A New Approach to Drug Delivery: Oral Thin Films

A promising novel drug delivery system, oral thin films (OTFs), are intended to deliver active therapeutic moieties either locally or systemically in the oral cavity under the tongue, on the roof of the mouth, in the intestines, or while held in the mouth.

Fast or sustained release of the active substance are enabled by oral thin film technologies, ensuring the ideal dosage is delivered to the target location within the body. While this novel drug delivery system may not yet be widely used, it offers multiple benefits to both the patient and the manufacturer, and some believe that oral thin film delivery systems may be used more prevalently in the near future.

Types of oral thin films

Two principal forms of oral films, oromucosal films, and orodispersible films, are defined in greater detail below, as well as in Figure 1.

Oromucosal films

Oromucosal films are mucoadhesive and are designed to deliver components either locally or systemically. Sub-categories of oromucosal films include buccal films, sublingual films, and palatal films, which vary, as they are dependent upon the site of application and/or route of absorption.

Orodispersible films

Orodispersible films are primarily non-mucoadhesive, disintegrating in the mouth when they come into contact with saliva. As such, orodispersible films do not require the use of water or chewing. Depending on the ability of the orodispersible film to on their disintegrate or dissolve in the mouth, they are classified as either orally disintegrating or orally dissolving.

Oral film chart

Figure 1. Two subtypes of oral thin films, oromucosal and orodispersible

The makeup of oral thin films

Oral film formulations may include, but are not limited to:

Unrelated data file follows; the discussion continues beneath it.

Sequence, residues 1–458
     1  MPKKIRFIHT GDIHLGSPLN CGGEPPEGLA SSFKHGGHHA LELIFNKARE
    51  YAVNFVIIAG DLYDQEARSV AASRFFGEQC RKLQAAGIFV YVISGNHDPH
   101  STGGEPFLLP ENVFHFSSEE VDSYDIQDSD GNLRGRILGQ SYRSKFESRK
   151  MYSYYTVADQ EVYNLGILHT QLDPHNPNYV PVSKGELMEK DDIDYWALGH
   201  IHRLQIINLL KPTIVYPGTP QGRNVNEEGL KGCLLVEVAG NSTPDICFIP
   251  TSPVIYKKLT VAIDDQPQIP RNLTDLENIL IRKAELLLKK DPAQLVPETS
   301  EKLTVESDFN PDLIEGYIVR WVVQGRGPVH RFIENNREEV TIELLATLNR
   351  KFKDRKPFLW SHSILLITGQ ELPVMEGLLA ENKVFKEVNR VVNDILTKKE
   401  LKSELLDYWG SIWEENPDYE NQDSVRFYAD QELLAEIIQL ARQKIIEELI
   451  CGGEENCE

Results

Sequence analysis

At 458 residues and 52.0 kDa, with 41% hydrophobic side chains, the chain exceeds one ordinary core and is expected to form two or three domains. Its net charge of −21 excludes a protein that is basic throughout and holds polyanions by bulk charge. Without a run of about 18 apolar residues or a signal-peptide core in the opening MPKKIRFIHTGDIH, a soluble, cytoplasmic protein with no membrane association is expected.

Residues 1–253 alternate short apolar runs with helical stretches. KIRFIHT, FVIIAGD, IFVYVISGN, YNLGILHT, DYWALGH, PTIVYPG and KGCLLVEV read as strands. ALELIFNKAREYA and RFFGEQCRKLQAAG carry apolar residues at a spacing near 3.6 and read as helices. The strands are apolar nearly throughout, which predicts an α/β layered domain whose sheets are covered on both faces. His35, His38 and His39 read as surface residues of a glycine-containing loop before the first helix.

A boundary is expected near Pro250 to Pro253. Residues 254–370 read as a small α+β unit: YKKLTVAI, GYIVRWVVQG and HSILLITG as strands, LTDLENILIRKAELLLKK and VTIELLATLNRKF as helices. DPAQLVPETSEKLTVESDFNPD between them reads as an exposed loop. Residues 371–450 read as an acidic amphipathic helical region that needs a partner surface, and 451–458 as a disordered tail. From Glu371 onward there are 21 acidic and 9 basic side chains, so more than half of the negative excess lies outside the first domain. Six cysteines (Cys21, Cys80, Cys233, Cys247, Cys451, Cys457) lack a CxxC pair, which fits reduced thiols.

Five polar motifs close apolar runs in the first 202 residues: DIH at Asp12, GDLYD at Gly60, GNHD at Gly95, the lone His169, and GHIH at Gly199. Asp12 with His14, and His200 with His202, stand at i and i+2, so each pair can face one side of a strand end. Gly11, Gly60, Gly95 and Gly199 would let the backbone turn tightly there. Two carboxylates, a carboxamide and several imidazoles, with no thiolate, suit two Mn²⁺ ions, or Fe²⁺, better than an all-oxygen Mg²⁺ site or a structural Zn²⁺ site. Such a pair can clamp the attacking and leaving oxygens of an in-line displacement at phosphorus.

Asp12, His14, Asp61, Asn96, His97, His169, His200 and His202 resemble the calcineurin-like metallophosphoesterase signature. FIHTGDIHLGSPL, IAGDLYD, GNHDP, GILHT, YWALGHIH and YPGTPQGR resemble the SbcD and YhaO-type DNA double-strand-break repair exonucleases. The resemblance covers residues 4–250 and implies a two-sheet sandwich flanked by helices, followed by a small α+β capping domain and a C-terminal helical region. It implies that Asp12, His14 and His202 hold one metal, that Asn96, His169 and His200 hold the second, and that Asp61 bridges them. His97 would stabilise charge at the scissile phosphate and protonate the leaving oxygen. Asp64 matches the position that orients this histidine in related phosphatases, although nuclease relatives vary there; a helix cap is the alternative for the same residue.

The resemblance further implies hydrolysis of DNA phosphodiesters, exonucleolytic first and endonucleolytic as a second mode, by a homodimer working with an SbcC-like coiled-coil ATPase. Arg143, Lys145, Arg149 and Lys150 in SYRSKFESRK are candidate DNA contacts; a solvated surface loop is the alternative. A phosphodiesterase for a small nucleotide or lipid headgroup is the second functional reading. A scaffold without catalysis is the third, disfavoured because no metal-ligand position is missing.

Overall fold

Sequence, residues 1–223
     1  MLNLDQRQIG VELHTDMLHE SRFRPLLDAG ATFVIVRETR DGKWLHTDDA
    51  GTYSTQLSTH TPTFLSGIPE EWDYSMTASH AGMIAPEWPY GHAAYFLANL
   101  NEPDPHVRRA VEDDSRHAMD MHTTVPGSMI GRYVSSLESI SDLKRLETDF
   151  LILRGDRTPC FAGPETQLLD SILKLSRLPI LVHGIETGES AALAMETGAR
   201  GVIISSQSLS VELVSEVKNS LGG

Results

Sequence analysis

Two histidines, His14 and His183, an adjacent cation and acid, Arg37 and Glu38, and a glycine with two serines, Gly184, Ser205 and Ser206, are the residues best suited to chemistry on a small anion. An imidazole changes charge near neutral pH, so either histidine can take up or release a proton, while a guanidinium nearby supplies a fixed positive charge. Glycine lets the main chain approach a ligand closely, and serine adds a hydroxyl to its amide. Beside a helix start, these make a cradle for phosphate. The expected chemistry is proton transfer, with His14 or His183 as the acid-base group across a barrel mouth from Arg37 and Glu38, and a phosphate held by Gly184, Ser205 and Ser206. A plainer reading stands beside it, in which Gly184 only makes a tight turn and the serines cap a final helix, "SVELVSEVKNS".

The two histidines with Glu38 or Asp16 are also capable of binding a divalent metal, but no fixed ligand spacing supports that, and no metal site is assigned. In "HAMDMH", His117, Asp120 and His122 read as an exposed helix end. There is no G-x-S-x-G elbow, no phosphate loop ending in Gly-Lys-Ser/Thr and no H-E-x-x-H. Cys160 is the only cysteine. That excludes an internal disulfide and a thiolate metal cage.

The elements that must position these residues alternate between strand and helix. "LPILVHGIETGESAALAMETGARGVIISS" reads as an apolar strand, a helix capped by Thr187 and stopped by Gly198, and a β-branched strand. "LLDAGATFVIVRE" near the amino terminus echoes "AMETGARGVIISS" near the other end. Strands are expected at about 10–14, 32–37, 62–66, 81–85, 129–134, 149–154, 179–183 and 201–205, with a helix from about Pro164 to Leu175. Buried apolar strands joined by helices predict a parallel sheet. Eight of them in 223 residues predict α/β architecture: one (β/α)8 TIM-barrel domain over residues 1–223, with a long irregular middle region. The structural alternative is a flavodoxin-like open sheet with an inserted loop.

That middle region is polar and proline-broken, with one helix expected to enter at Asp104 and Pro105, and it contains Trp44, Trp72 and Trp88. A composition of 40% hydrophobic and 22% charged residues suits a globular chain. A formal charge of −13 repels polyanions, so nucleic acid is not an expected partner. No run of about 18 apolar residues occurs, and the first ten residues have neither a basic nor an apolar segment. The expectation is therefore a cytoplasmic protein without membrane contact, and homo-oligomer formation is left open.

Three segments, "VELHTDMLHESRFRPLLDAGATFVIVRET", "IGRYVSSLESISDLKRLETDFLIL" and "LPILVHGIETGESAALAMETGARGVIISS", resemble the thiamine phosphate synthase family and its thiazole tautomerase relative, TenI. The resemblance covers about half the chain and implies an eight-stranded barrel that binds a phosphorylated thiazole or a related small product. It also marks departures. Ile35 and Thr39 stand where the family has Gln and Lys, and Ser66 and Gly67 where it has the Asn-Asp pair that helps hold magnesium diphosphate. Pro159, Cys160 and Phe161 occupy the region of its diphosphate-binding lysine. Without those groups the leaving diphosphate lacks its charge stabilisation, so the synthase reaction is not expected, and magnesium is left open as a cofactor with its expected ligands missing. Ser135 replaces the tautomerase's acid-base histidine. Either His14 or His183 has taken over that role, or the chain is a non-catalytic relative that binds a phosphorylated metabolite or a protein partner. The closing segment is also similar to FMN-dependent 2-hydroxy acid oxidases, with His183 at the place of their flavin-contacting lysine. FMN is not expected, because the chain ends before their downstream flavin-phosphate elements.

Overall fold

• Polymers
  • Plasticizers
  • Viscosity enhancers
  • Disintegrants
  • Stabilizers
  • Surfactants
  • Other additives (e.g., sweetening agents, saliva stimulants, coloring agents, etc.)

The two key components of oral thin film formulations are polymers and plasticizers. Material selection is critical, as hardness, disintegration, dissolution properties, and overall performance of the film are greatly impacted by the materials used within the formulation. The OTF must function properly, pose no threat to patient acceptability, and the mechanical properties must facilitate ease of manufacturing.

Needed improvements in oral thin film drug delivery

Every drug delivery system has both advantages and challenges. While OTFs have many positive qualities, which will be discussed, room for improvement remains. One of the challenges facing oral thin film delivery systems is packaging and dosing limitations, as OTFs are better suited for small dose drugs. With more research and optimization of this novel drug delivery system, oral thin film delivery systems will likely be able to be utilized for a wider range of active pharmaceutical ingredients (APIs) and drugs. Additionally, there is limited regulatory guidance available regarding the development and testing of oral thin films, which presents further challenges for researchers and drug developers.

Advantages of the oral thin film drug delivery system

As previously stated, oral thin film drug delivery systems offer many advantages. OTFs can be a lifesaver for specific patient populations, including pediatric patients, geriatric patients, and patients who have difficulty swallowing solids or liquids. Furthermore, OTFs enable accurate dosing, provide ease of transport, and due to their ease of use, will help to reduce instances of medication non-adherence. OTFs are easily accessible and can be manufactured for larger surface areas with faster wetting, disintegration, and dissolution.

When compared to the process for manufacturing tablets and capsules, manufacturing OTFs is simpler and faster, as there are fewer processing and manufacturing steps. Moreover, studies have been conducted which address the possibility of incorporating poorly water-soluble films into oral films. There are many who believe that the oral film platform technology will soon be the novel drug delivery system of choice, particularly for geriatric and pediatric patient populations.

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